Peppermint (Mentha x piperita)
Candy canes, peppermint bark, and peppermint schnapps each entice with their delightful refreshing herbal scent. A favorite evening herbal tea that soothes the digestive tract, peppermint is also well known for its soothing effect on headaches.
Peppermint grows in zones 3–8 and is a perennial that grows somewhat aggressively via underground stolons. Terminal flower spikes are adored by bees and butterflies. It’s the oblong-pointed serrated leaves that hold the fragrance and medicinal virtues. Peppermint thrives in full sun to partial shade in moist rich soils. To harvest, simply cut back peppermint plants before the flowers form in early summer. The leaves can be used fresh, frozen, or dried. They pair beautifully with many other flavors, such as lemon, ginger, and honey, and the aroma blends perfectly with rosemary and sage.
Peppermint Constituents and Healing Activity
The various constituents in peppermint are menthol, menthone, neomenthol, and iso-menthone. These volatile metabolites are the components of peppermint essential oil. These bioactive compounds share anti-inflammatory, antibacterial, immunomodulatory, neuroprotective, antifatigue, and antioxidant activities. There’s mounting evidence that peppermint essential oil has pharmacological effects that protect many body systems, especially the brain and nervous systems.
Sage (Salvia officinalis)
The distinctive bold peppery flavor of sage carries more than its weight as a culinary herb. The strong leaves are gorgeous to use fresh and hold their structure even under high temperatures. This makes them a great partner in sauces and stuffings.
Hardy in Zones 4–11, culinary sage is a slow-growing herb with strong but soft velvety leaves. Harvest young, plump, undamaged leaves for fresh use. Sage leaves infuse nicely into oils and vinegar. Sage also infuses beautifully in honey and pairs extraordinarily well with ginger.
Sage tea has a long-standing traditional use as a brain-enhancing tonic. Try a couple of sliced sage leaves, some thin slices of ginger, and a lemon wedge steeped in two to three cups of water for an invigorating tea.
Sage essential oil, prepackaged sage tea, and sage supplements are simple ways to benefit from this health-promoting herb.
Sage Constituents and Healing Activity
As a tea, a culinary herb, and traditional medicine, sage acts as a brain-enhancing tonic. Sage extracts have both cognitive and memory-enhancing outcomes. In a study published International Journal of Molecular Sciences, the evaluation of culinary sage extracts led to the discovery of benzyl 6-O-beta-D-apiofuranosyl-beta-D-glucoside (B6AG). B6AG was shown to upregulate neurotrophic factors in C6 glioma cells with upregulation of BDNF.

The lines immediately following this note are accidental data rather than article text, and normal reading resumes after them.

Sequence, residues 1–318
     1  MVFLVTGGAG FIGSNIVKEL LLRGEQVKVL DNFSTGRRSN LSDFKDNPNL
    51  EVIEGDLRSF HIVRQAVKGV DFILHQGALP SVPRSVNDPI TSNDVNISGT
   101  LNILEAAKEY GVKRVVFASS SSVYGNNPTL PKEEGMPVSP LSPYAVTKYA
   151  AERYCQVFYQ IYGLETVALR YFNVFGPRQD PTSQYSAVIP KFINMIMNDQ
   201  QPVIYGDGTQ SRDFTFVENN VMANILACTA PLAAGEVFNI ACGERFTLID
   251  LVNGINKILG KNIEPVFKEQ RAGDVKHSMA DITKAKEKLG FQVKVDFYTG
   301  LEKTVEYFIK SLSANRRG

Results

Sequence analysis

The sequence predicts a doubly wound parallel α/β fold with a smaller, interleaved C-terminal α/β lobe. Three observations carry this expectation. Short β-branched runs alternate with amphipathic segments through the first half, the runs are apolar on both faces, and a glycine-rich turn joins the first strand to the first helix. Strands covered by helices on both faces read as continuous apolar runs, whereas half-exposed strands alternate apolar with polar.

A research review, Neuroprotective Potential of Aromatic Herbs, examined the effect of sage on cognitive deficits revealed by several previous studies. Salvia officinalis extract showed a considerably better effect on cognitive functions compared to a placebo. A study of 36 healthy subjects receiving oral sage extract resulted in improvement in secondary memory performance, decreased mental fatigue, and elevated alertness. Another study shows marked improvement following the consumption of sage extract in cognitive performance and short-term memory in healthy young adults. The cholinesterase-inhibiting effects of sage showed improvement in cognitive performance, mood, and anxiety state in yet another study of 30 healthy young individuals.
Aromatherapy Recipe to Improve Memory, Cognitive Function
Our sense of smell, managed by an area in the brain known as our olfactory bulb, is directly connected to our amygdala and hippocampus. This direct route is the reason that scent has a targeted effect on our memory and emotion. The use of aromatherapy may harness the brain-enhancing beneficial effects of aromatic herbs, such as rosemary, peppermint, and sage.
Try this aromatherapy recipe with other uses of these herbs in your culinary adventures, extracts, and herbal teas.
For this recipe, acquire an aromatherapy diffuser of your choice and follow the product’s directions.
Acquire high-quality essential oils from your favorite essential oil brand.
Use three to five drops each of rosemary, peppermint, and sage essential oils in the diffuser. Use a diffuser during your morning routine, at your desk, or throughout your workday. Enjoy stimulating memory and cognitive function enhancement.
Be considerate of others and of pets who may be sensitive to the strong odors of essential oils.